Slow, bru­tal anatomy of long hostage cri­sis

As It Hap­pened: The Siege 8.30pm, SBS

The Weekend Australian - Review - - Tv - Steve Creedy

IN a weird way, The Siege is a love story. There is no doubt that for­mer tex­tile worker and union or­gan­iser Nestor Cerpa Car­tolini en­gi­neered the takeover of the Ja­panese am­bas­sador’s res­i­dence in Lima, Peru, in 1996 partly be­cause he des­per­ately wanted to get his wife out jail.

Let­ters writ­ten to his young son dur­ing the four- month siege and Cerpa’s ne­go­ti­at­ing tac­tics, which even­tu­ally saw him drop all de­mands ex­cept the re­lease of his wife, make this clear.

Th­ese pas­sion­ate let­ters help paint Cerpa in a more sym­pa­thetic light, not so much as the ter­ror­ist he clearly was but as some­one try­ing to fight the op­pres­sive regime of Al­berto Fu­ji­mori. Fu­ji­mori was seen at the time as the saviour of the hostages and was widely cred­ited with restor­ing peace in his coun­try by stamp­ing out Peru­vian ter­ror­ist or­gan­i­sa­tions such as the Tu­pac Amaru Revo­lu­tion­ary Move­ment ( MRTA), which Cerpa headed, and the Shin­ing Path.

His­tory has judged Fu­ji­mori more harshly and his rule be­tween 1990 and 2000 is now cred­ited with one of Latin Amer­ica’s worst hu­man rights records. In­ves­ti­ga­tions into the 1996- 97 siege showed at least some of the 14 MRTA mil­i­tants were mur­dered af­ter com­man­dos had taken back the res­i­dence, a charge that ap­pears to be ver­i­fied by some of the wit­nesses in this doc­u­men­tary.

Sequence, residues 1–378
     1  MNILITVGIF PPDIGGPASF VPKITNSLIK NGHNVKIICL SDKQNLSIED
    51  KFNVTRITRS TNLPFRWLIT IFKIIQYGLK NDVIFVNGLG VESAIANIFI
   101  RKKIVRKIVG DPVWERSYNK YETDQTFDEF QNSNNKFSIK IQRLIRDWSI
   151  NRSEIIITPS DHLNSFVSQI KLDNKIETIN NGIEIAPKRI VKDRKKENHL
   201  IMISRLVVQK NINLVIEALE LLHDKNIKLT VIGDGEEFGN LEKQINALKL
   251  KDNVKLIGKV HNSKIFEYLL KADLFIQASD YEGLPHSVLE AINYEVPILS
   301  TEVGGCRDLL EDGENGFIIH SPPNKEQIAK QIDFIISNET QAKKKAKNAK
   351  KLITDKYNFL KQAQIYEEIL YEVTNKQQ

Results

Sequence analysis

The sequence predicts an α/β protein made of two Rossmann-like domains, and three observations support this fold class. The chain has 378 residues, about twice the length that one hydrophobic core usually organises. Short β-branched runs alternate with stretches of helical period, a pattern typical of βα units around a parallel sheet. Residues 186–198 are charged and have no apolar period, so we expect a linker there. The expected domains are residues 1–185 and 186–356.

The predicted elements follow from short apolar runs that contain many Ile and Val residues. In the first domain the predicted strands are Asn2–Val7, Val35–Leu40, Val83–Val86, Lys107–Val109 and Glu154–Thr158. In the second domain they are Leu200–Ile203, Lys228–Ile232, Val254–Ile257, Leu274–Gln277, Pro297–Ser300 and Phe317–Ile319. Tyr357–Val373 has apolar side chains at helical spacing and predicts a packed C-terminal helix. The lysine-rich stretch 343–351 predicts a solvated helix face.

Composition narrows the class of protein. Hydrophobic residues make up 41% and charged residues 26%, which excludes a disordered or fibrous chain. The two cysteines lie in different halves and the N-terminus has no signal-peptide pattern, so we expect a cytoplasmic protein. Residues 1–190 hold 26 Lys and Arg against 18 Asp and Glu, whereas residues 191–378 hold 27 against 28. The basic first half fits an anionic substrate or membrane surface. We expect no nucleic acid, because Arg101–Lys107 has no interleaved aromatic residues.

The siege be­gins with a 600- strong group of Lima’s elite cel­e­brat­ing the Ja­panese em­peror’s birth­day in the grounds of the res­i­dence. Cerpa and his fol­low­ers take the party- go­ers and staff pris­oner and de­mand the re­lease of more than 450 MRTA pris­on­ers, in­clud­ing the leader’s wife, and the cur­tail­ment of Fu­ji­mori’s free- mar­ket re­forms. They even­tu­ally re­duce the hostage group to 72 men, re­leas­ing even mem­bers of Fu­ji­mori’s fam­ily, and only a judge with ex­ist­ing health prob­lems would end up dy­ing.

But their dar­ing as­sault cap­tured the at­ten­tion of the global me­dia and proved an em­bar­rass­ment to Fu­ji­mori, par­tic­u­larly when jour­nal­ists man­age to get into the res­i­dence for a press con­fer­ence.

The pres­i­dent’s ini­tial will­ing­ness to ne­go­ti­ate cov­ers the se­cret im­ple­men­ta­tion of a more bru­tal plan. Par­tic­i­pants, in­clud­ing some hostages and Fu­ji­mori, paint an in­ter­est­ing if some­what slow- mov­ing por­trait of the next 126 days.

There are un­ex­pected de­vel­op­ments such as the de­ci­sion to or­gan­ise lan­guage classes in which the head of Peru­vian counter- ter­ror­ism taught Cerpa French. The Ja­panese am­bas­sador tells how each week one of the ter­ror­ists prac­tised how she would run into his room and shoot him if an at­tack came, but when the as­sault fi­nally did come, she could not bring her­self to pull the trig­ger.

There is also graphic footage of the vi­o­lent cli­max to the siege as com­man­dos storm the res­i­dence af­ter ex­plod­ing bombs in tun­nels dug un­der­neath the build­ing.

The Siege may not be the quick­est paced doc­u­men­tary, but it pro­vides a good in­sight into the anatomy of a hostage cri­sis and the po­lit­i­cal com­plex­i­ties of South Amer­ica.

Po­lit­i­cal com­plex­i­ties: A scene from The Siege

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